Bad Habits That Are Good for You
By Rachel Naud
You might be embarrassed to admit that you don’t make your bed in the morning or you tap your foot under your desk at work. But it turns out these and other tendencies could actually be healthy habits for your body and mind. Here's what experts have to say about good vices.
Your Morning Cup
Coffee is good for more than just keeping you awake. According to researchers at the University of Scranton, coffee is also a powerful source of antioxidants that can reduce your risk of liver and colon cancer, Parkinson’s disease and type 2 diabetes. Coffee also happens to be the most-consumed antioxidant-rich food in the U.S. The leader of the study, Joe Vinson, who holds a doctorate in chemistry, advises spacing out your cups throughout the day to get optimal benefits from this healthy habit. And if coffee gives you the jitters? Try black tea instead.
Surfing the Web
All those hours you spend on Google may not be a waste of time after all. A study at the University of California at Los Angeles found that just one week of frequent Web browsing can increase your brain's complex-reasoning hubs.“When you're using the Internet, you're controlling your short-term memory and decision-making abilities,” says Gary Small, a physician and professor of psychiatry at UCLA. “It's good to exercise that part of the brain and gain useful mental talents that help us in everyday life.”
Remember all those times Mom told you to sit still? Turns out the opposite might be better. A small study by the Mayo Clinic found that obese people burned 350 fewer calories from non-exercise activities a day than thin people. Why? Slimmer people tend to be more fidgety during their daily activities, while overweight folks sit still. Of course, fidgeting can’t take the place of regular exercise -- but these findings suggest that adding a little more wiggling, dancing and toe tapping to your day could help you on your way to being fit.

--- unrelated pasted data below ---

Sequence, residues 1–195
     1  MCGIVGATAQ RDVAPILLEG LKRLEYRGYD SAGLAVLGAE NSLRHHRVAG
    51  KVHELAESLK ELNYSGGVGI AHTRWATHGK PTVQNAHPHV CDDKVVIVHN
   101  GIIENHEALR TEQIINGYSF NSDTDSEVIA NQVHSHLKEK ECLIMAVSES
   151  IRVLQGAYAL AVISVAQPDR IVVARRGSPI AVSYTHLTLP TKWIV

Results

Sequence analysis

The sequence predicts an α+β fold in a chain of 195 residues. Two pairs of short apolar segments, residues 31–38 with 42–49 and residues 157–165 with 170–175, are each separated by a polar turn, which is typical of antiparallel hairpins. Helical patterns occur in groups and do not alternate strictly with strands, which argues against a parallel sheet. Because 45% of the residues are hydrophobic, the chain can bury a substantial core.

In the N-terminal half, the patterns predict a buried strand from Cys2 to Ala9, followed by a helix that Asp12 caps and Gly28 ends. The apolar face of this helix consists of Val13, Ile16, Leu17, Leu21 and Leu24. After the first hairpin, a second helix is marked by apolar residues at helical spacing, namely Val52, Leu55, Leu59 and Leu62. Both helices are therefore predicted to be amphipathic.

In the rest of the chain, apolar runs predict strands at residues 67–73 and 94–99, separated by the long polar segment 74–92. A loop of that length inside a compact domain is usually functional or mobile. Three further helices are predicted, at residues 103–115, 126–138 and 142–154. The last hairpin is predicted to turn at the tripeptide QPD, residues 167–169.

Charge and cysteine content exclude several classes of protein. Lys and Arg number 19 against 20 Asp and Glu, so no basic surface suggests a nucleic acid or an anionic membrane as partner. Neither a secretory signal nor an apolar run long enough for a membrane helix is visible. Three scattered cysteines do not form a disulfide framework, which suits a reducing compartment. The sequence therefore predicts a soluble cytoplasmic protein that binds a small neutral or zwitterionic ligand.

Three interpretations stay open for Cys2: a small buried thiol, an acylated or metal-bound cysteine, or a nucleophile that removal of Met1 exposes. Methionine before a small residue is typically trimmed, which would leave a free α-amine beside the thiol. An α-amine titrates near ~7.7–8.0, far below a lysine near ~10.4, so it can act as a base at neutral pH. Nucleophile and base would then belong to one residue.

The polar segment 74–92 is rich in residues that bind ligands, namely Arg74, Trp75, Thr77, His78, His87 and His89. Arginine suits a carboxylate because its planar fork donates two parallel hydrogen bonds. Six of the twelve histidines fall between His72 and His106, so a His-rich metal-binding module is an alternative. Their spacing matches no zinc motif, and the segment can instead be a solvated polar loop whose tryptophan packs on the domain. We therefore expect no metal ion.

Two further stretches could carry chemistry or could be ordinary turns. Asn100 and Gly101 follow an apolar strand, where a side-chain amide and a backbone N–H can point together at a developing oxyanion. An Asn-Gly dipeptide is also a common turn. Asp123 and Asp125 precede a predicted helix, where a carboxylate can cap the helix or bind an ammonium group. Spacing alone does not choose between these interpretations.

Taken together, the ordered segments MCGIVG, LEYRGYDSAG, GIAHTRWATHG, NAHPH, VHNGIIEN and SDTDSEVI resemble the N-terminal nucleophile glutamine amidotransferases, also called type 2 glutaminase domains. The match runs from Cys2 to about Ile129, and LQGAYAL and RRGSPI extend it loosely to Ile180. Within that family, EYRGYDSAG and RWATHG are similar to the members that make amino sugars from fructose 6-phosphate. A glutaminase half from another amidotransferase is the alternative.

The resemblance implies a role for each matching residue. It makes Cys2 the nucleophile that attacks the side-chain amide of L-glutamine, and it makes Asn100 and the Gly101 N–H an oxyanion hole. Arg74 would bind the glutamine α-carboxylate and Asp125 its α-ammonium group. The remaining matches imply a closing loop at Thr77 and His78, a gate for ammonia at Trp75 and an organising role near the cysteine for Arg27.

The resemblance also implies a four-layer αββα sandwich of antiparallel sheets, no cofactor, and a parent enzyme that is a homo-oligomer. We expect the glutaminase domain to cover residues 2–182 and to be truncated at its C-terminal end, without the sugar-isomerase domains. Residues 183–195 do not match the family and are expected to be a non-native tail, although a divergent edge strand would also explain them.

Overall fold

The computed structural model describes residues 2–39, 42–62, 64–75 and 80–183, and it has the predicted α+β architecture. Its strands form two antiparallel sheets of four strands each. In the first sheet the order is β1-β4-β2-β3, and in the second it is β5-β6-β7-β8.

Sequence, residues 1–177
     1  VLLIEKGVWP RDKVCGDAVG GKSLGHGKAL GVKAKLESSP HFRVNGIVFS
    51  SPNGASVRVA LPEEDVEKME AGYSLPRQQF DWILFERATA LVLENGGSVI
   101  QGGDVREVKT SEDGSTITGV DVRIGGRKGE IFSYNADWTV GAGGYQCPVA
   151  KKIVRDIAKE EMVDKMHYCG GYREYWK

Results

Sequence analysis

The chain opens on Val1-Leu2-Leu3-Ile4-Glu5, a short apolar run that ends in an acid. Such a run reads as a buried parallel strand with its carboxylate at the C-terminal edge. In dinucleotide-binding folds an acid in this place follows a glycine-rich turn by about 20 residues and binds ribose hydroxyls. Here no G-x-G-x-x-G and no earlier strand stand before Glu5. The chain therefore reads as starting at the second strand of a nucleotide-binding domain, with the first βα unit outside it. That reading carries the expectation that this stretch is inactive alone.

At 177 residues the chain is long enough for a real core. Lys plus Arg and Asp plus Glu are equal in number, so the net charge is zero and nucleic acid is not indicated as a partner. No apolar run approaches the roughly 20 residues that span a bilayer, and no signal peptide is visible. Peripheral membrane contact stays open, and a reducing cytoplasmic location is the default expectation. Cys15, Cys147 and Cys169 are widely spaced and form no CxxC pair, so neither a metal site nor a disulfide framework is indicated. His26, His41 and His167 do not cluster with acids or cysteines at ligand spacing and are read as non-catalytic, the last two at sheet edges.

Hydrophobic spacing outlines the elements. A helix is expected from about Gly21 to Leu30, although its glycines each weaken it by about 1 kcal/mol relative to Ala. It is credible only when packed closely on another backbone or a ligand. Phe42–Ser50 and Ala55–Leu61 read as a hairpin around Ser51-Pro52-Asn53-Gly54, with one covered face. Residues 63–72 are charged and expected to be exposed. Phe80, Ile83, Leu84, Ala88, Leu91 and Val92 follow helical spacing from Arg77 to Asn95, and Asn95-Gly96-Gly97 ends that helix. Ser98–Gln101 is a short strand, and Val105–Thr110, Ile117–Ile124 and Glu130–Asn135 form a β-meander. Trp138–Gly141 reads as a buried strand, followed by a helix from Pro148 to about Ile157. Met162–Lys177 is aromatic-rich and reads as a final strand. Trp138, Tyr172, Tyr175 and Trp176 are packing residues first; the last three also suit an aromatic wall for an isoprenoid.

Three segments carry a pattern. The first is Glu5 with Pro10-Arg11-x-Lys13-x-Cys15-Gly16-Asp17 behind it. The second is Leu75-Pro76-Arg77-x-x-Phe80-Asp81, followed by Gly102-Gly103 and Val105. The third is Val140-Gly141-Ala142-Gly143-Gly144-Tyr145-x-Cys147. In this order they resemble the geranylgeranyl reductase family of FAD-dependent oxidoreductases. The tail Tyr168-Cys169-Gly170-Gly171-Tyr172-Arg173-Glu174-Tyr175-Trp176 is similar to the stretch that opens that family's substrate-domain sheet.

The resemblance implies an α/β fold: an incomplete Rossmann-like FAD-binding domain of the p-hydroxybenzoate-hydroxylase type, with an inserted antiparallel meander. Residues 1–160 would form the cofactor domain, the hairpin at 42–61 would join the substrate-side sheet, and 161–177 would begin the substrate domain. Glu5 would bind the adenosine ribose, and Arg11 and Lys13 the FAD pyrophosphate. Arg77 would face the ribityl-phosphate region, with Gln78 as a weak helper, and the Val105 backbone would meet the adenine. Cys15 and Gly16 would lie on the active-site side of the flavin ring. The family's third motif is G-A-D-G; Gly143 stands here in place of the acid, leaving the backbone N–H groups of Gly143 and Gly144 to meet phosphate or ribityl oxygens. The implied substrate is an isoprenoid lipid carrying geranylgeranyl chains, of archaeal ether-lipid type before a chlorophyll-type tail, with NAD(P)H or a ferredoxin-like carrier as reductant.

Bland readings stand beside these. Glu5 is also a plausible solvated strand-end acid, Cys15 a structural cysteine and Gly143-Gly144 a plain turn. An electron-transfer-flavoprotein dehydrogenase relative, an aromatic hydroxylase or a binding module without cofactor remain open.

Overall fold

Sure, a nicely made bed looks neat and comfy, but if you don't let your mattress and sheets air out in the morning, you could be welcoming some extra bed buddies -- say, 1.5 million of them. Microscopic dust mites feed on scales of human skin and cause asthma and other allergies, but an unmade bed is an inhospitable environment for them. “Beds covered with sheets and bedspreads can stay moist enough to provide an ongoing ‘bed and breakfast’ for dust mites,” says Allen P. Rathey, president of The Healthy House Institute. Give your sheets time to air and dry out before tucking them in again.
Feeling hungry, anxious or stressed? Pop a piece of gum. Studies have shown that chewing gum can help you focus, relieve stress and stave off hunger -- not to mention keep your teeth healthy. “Chewing gum can relieve tension because it's sort of like punching a pillow. It helps take the focus off whatever it is you're stressing about and helps release nervous energy,” says Marjorie Nolan, registered dietitian and national spokesperson for the American Dietetic Association. Moreover, chewing sugar-free gum helps clear away food residue and increases saliva production, resulting in cleaner teeth.